TheranosTheranos Inc is a Silicon-Valley medical startup known mostly for its development of a simple, practical, painless blood tests that require only a finger price of blood to conduct various tests. They recently partnered with Walgreens Boots Alliance Inc to develop blood-drawing stations at Walgreens “wellness centers” across California and Arizona (for now). So far there are 41 of these outlets between the two Western states.

While the product and the concept have been well-received, though, Theranos labs have been recently scrutinized under threat of inaccurate methodologies which may have led to “serious” and “severe” deficiencies.

According to federal health inspectors with the Centers for Medicare and Medicaid Services—which is the chief federal regulator of all clinical labs in the United States—these problems are far more severe than those which were originally cited by the CMS from the inspection last year.

No details about the discovery have been released yet, but those involved do indicate that Theranos appeared to resolve those previous discrepancies. What is known, at least for now, is that the reports appear to pertain to proprietary vials the company calls “nanotainers,” which the FDA had determined in October to be an “uncleared medical device.”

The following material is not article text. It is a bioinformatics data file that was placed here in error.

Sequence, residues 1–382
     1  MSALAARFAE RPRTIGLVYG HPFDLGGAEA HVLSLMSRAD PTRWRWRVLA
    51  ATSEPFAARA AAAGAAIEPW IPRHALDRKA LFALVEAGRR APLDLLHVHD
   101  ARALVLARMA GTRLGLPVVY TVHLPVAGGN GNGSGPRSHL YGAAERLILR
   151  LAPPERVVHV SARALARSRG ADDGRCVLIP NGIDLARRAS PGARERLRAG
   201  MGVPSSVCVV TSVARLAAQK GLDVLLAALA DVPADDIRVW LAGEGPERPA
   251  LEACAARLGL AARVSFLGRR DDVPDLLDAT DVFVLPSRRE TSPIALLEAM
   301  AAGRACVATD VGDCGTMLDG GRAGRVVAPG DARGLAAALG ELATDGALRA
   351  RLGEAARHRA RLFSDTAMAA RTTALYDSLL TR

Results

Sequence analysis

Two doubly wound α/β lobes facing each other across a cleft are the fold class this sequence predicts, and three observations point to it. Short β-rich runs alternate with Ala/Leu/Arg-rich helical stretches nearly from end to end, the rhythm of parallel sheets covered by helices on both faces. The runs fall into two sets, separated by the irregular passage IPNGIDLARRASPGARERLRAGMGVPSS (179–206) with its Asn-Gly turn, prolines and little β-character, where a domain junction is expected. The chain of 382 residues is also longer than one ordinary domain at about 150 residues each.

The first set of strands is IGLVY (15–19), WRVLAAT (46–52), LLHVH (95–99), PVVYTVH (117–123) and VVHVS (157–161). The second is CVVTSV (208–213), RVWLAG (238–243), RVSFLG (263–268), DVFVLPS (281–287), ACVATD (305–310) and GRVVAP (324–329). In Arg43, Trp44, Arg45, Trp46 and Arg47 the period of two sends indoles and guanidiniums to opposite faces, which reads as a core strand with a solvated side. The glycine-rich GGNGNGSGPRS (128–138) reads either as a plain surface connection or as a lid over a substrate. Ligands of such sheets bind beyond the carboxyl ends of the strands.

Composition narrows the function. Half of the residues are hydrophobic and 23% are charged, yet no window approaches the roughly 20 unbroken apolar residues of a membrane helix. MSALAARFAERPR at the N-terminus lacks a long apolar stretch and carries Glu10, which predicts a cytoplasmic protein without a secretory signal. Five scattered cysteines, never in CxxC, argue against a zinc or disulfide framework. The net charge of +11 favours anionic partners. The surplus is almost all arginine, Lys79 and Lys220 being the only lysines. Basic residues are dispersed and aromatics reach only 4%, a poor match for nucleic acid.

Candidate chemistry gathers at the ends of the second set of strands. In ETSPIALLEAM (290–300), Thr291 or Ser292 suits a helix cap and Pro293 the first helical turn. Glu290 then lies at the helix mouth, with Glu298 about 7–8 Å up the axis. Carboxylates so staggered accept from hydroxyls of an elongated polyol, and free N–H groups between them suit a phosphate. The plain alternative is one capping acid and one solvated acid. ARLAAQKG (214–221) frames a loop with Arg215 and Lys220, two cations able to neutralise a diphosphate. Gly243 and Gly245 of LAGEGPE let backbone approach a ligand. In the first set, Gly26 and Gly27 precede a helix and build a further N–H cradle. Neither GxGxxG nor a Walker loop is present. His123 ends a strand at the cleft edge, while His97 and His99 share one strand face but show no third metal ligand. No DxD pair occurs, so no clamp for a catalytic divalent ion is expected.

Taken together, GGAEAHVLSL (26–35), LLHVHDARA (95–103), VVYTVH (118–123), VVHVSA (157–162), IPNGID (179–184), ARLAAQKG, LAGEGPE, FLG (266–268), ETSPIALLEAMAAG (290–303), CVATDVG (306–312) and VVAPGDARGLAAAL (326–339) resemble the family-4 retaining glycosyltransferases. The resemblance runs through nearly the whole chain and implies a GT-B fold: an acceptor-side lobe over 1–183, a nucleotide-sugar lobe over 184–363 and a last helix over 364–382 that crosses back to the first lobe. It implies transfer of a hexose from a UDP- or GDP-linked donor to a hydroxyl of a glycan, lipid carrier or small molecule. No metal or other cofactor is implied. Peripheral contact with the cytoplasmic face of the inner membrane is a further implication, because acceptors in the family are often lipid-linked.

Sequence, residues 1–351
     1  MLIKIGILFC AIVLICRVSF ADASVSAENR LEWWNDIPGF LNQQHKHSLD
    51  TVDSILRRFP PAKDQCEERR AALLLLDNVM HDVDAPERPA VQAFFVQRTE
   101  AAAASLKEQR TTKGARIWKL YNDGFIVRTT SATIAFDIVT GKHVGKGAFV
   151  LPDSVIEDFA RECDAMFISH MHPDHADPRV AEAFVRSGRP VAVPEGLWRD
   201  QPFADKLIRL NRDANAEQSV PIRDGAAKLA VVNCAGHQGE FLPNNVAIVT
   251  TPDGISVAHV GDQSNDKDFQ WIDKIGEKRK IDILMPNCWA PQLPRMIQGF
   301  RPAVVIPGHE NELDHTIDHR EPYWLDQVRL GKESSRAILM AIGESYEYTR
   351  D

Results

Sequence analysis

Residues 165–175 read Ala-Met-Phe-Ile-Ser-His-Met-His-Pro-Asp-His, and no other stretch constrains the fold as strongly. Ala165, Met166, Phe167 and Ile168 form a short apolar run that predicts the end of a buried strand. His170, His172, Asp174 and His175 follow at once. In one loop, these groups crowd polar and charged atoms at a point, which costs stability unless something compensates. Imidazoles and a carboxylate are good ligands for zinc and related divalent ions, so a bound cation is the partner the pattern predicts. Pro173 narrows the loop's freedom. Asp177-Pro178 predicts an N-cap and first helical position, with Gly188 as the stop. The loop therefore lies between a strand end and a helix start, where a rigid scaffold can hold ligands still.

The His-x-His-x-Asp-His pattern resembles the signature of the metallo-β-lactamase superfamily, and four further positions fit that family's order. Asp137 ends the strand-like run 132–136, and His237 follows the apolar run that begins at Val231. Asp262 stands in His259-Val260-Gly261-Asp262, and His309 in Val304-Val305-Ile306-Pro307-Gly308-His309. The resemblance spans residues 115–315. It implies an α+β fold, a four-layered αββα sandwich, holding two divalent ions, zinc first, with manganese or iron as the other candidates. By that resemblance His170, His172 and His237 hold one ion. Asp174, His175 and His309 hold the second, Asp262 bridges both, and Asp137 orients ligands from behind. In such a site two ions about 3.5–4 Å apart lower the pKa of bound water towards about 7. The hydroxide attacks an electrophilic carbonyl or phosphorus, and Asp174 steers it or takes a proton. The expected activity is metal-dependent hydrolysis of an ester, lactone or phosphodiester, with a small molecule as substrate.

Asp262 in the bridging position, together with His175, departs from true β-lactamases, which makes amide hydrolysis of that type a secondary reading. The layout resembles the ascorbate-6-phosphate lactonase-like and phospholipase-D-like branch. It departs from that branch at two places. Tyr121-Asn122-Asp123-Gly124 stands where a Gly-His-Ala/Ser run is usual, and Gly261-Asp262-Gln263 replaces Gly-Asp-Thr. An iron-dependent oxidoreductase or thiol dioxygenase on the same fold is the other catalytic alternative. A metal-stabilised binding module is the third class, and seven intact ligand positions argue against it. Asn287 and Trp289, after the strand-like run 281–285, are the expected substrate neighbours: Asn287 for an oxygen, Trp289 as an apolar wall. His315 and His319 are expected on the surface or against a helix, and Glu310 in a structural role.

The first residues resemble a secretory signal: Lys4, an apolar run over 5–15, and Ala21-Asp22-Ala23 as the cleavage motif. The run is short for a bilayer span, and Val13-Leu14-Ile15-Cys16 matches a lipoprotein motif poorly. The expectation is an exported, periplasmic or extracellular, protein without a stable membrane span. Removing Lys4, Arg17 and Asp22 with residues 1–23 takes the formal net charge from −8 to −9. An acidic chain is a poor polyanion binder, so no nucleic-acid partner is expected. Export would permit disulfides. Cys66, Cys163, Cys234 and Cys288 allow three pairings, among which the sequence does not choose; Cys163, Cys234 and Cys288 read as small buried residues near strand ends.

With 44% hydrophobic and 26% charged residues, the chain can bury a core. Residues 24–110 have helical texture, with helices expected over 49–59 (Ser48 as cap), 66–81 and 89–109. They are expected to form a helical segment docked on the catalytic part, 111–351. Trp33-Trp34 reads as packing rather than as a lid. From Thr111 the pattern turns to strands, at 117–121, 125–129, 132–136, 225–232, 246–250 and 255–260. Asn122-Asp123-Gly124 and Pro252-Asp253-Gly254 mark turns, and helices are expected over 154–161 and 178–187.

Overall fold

As such, though, the company has ceased collection of tiny blood samples for all but one of their tests, now waiting for the US Food and Drug Administration to review the report(s) and deliberate on an appropriate course of action. The only test they are now conducting is the one which detects herpes using a proprietary Edison device; the test for which has been approved by the FDA.

In the meantime, Theranos is using traditional analysis machines for the remaining of its more than 200 tests they currently offer to consumers. Furthermore, the company also said it has outsourced some of the remaining tests to other labs which, of course, comes at a loss to them.

Of course, Walgreens has had to also face the consequences of these investigations, debating the benefit of closing any or all of the 41 wellness centers. Regardless of this decision, though, the company may have to reevaluate the future of this partnership.

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